[FOM] Why rigour and formalization?

Vladimir Sazonov Vladimir.Sazonov at liverpool.ac.uk
Fri Jan 18 20:42:16 EST 2008

It seems there is opinion that mathematicians are so pedantic in using 
rigorous proofs because they care about precision of their results and 
also about reliability of their proof. The latter means that if A is 
rigorously proved then it is definitely true. This also would mean that 
it is the truth which mathematics is pursuing. But why physicists who 
are also pursuing truth use so different methods? (Even if they also 
use mathematics they neglect the rigour in proving mathematical 
results.) Precision is also what is highly important to them. Why so 
different approaches? Also why the "visual" proof presented by Bill 
Taylor is considered as mathematically problematic despite it seems so 
intuitively convincing? Why do we so scrupulously prove that any 
continuous curve going from one side of the axis to another must 
intersect it - intuitively so evident fact? It might seem even 

I see the answer in realizing that:

(FVM) The subject matter of mathematics is tools "automating" and 
strengthening our thought and intuition. Quite naturally, such tools 
have the form of contemporary formal systems which embody mathematical 

It follows from this formalist view on mathematics (FVM) that 
mathematics is not about truth and even not about precision, at least 
not at the first place. It is about "automation". This automation is 
based on making these tools of thought of formal systems and is closely 
related with computations, nowadays even with potential using 
contemporary computers. This "automation of thought" can be considered 
both as subject matter and methodology of mathematics. That we 
typically use formal systems to derive some "truths" and seemingly care 
too much about whether mathematical statements are true or not 
(actually, provable or disprovable), is not the most important thing. 
Yes, we care, but we mostly care to present rigorous proofs. Otherwise 
mathematicians would behave more like physicists. But this is 
definitely not acceptable for them. They have different goals - 
absolutely not because of pedantry or bureaucracy! Is automation a 

Taking that formal is related to mathematical intuition as form to 
content (in the general philosophical sense) and that the goal of 
formal tools is "automation" of thought, it is imaginable that the 
specific mathematical form of our thought could have some more general 
character than that based on formal languages (sets of strings in an 
alphabet) and formal systems in the traditional (narrow) sense of the 
word "formal" in f.o.m. As the main (and first) users of such tools are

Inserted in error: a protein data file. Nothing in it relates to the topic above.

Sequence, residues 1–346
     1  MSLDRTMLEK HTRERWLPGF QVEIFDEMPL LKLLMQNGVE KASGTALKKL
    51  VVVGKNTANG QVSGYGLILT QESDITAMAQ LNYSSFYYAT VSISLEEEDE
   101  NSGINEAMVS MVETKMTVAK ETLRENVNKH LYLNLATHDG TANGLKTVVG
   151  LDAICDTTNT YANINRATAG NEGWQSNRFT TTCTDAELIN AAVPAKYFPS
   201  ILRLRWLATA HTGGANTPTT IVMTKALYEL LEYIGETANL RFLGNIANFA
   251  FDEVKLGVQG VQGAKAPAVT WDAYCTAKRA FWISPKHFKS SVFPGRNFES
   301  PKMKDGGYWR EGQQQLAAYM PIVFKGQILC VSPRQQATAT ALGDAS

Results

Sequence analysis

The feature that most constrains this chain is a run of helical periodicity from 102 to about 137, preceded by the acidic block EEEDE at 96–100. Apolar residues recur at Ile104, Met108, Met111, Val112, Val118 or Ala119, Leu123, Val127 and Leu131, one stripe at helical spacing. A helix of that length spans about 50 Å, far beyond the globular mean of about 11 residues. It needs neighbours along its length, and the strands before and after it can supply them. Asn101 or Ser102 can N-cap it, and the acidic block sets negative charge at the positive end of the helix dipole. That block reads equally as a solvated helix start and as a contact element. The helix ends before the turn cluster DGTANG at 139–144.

human mathematicians (not necessarily computers) these formal systems 
could have in some cases somewhat more convenient, user friendly form. 
For example, diagrams in category theory. Of course these diagrams are 
quite discrete objects and can be symbolically encoded. But we prefer 
to use them visually. The visual proof presented by Bill probably could 
be also considered in a way as one of many such kind of proofs based on 
a similar system of visualized diagrams. Anyway the general term "form" 
or "formal" could mean also something of geometrical or graphical 
nature. The main point is the ability to use such graphical proofs and 
such kind of graphical formal system as tools making our thought 
stronger. They could be translatable (encodable) to traditional formal 
systems using languages in a finite alphabet and therefore also having 
computer implementation.

By the way, if truth is not the main goal for mathematics, the (highly 
doubtful, in my opinion) Platonist views on its nature and especially 
on the "absolute mathematical truth" can be easily avoided. We have 
various mathematical intuitions supported by formal tools, and that is 
all what we need. We can imagine various mathematical worlds satisfying 
that or other system of axioms referring to our intuition without any 
need of a (unified and uniquely existing) world of mathematical 
objects. Our mathematical intuition is (honestly speaking, without 
opinionated pretension on anything more like absolute truth) quite 
vague, but nevertheless, being supported by a formal system and due to 
this support, proves to be extremely strong. This is the point of 
mathematical rigour and formalization.

Finally, consider two questions posed by Vaughan Pratt:

1.  Can mathematics be formalized?

2.  Is there a universal mathematical framework?

My answers:

1. As science on various formal systems mathematics, in general, has no 
intension to be concentrated on one of them. However, some formal 
systems like ZFC could *currently* serve as universal ones which can 
interpret the most of typical formal systems. Anyway, the ability to 
interpret various formal system in one of them does not diminish the 
role of each of these formal system and does not reduce mathematics to 
one of them.

2. A very general framework sufficient for the contemporary and 
hopefully for the future vision of mathematics: Inventing and studying 
various formal systems serving as tools of strengthening thought.

Vladimir Sazonov

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